Bigger Tile, Bigger Challenges

The designer trend toward larger format porcelain and natural stone tile that requires fewer grout joints continues in 2021. Many newer sizes – 600×600 millimetres (mm), 750×750 mm, 900×900 mm, 1000×3000 mm and1200x1200 mm (up to 1620×3240 mm) – have become popular. With these massive panel formats, more stringent requirements for substrate flatness, anti-fracture membranes, proper setting material systems and expansion joint layouts must be followed.
Preparation of the substrate is key to a successful outcome. Floors must be flat to 2 mm across (3.049 mm at a maximum). These strict criteria are necessary to avoid any lippage between tiles. Lippage is a dangerous trip hazard on a floor and must be avoided.


In new construction where floors will be installed over concrete, specify to allow for a depressed slab of two to three inches. The porcelain or stone tile is then placed into a mortar bed (mix of sand, cement and a binder) over a 6 mm poly slip sheet. This installation method is more than 2,000 years old and allows to adjust for unevenness in the subfloor and achieve a flat outcome without any trip hazards. It is also an economical solution, with an average cost of $1 to $2 per square foot for labour and materials.
Self-levellers are often used for retrofit installations. Many allow for buildup from a feathered edge to 12 mm thick. These may be used over old adhesive residue, existing tile and other difficult substrates; however, it is best to consult with the mortar systems supplier. The average cost is $3 per square foot for labour and materials.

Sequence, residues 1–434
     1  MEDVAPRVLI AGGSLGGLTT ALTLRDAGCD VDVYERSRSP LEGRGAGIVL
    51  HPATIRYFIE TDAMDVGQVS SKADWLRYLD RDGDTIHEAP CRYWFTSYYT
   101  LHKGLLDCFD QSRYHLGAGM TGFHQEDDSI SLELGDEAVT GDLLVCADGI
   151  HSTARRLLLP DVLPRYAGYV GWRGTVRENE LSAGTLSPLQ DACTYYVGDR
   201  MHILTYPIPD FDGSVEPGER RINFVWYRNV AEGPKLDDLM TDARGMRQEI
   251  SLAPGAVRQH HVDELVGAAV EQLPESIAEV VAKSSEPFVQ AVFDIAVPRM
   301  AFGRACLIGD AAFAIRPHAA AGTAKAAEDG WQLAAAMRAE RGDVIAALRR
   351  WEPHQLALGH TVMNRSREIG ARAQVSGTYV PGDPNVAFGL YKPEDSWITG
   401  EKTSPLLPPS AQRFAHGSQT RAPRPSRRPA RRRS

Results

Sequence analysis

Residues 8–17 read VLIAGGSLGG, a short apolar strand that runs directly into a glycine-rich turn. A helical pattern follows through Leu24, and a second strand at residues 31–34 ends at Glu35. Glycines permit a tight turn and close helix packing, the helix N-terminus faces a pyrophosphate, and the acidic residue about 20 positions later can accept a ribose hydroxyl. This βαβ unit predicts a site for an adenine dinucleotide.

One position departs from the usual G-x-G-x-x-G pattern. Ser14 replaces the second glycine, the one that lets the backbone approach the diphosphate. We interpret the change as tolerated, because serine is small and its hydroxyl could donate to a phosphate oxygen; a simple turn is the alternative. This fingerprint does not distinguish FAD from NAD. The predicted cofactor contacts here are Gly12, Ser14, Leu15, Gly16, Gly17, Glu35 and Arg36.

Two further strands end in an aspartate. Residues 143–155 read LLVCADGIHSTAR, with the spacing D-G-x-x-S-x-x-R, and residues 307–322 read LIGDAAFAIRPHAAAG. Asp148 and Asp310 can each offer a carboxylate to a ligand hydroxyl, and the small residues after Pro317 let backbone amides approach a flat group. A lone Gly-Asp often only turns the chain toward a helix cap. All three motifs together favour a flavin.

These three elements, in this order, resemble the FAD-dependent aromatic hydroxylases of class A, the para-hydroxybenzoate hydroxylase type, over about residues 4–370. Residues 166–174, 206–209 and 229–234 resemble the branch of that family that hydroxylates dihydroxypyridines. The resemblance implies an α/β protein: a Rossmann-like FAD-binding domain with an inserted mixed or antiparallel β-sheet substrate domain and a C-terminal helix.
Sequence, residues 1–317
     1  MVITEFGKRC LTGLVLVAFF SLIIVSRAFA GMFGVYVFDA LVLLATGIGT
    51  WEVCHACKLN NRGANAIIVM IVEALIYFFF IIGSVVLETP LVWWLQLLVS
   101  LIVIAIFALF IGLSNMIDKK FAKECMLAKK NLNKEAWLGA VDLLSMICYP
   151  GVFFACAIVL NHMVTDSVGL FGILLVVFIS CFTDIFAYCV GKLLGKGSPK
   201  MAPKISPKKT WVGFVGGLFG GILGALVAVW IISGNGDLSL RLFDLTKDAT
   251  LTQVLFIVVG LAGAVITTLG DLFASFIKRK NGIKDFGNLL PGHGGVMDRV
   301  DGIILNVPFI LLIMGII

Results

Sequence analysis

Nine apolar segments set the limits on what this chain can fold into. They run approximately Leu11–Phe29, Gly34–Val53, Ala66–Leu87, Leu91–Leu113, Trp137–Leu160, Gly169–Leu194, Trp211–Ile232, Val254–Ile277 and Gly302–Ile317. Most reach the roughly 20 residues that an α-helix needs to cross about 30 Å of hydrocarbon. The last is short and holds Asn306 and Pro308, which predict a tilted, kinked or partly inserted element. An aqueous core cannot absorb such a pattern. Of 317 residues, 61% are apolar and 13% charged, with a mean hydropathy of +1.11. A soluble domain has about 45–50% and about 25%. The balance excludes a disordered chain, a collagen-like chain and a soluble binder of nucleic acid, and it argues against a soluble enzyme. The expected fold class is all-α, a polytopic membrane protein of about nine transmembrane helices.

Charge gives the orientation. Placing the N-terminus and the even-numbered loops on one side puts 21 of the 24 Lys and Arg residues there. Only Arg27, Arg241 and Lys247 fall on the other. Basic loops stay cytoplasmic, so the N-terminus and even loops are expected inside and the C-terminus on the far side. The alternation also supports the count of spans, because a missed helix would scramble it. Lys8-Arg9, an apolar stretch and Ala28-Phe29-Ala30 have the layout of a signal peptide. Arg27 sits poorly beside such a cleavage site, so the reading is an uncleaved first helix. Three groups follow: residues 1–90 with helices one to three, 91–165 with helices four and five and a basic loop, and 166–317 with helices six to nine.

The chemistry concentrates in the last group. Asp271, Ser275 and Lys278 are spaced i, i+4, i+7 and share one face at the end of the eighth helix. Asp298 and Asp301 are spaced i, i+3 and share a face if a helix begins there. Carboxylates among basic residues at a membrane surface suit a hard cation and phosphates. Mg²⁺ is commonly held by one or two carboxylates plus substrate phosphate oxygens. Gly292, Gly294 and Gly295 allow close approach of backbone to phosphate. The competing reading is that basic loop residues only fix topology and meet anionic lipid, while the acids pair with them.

Bonded and unbonded anti-fracture membranes are available for both new and retrofit installations. These membranes allow for independent movement between the tile and substrate. The bonded version is installed onto the subfloor with either mortar or a special adhesive on the level or levelled substrate. The unbonded option simply floats atop the existing flat subfloor and the tile is bonded directly to the membrane mat. As an added benefit, this system can be laid out over substrates that are difficult to tile over, such as old vinyl and linoleum floors or painted or treated concrete. With often little or no floor preparation required, it also saves time and, subsequently, money.


Many mortar manufacturers have developed systems to support these heavier, larger tiles. Installers require increased working time to comb the mortar over the substrate and back butter the tile. Increased non-sag capabilities are also important when installing floors. Often, tile suppliers will have recommendations for proper installation of products and systems. Follow their guidance to ensure success. Remember, they consult clients and specifiers daily on their use and installation product requirements.


Plan to have perimeter joints and expansion joints, as required by industry guidelines in Terrazzo Tile and Marble Association of Canada detail 310MJ.
For interior tile applications, control joints must be spaced at intervals of 4,800 mm to 6,100 mm in each direction. The minimum joint width is 6 mm. In areas exposed to moisture or direct sunlight, and for above-grade concrete slab substrates, the spacing placement is reduced to 2,400 to 3,700 mm apart in each direction. Again, the minimum joint width is 6 mm.
Due to high temperature fluctuations, use a minimum 10 mm wide control joint spaced at intervals from 2,440 to 3,600 mm apart in each direction for exterior tile applications. In areas of extreme temperature variations (more than 40 C) between summer highs and winter lows, the joint width should be a minimum of 13 mm.
In 2020, zigzag or zipper expansion joint patterns were approved. Installers can now follow the grout joints. This creates a cleaner-looking appearance as the pieces don’t have to be cut up to include the expansion joint.


Bigger tile formats require the use of new handling tools to ensure a successful and attractive installation. Suction cups or an aluminum handling frame for moving these pieces are a must. Large, portable, lightweight tile cutters and tile water saws are now available to installers.

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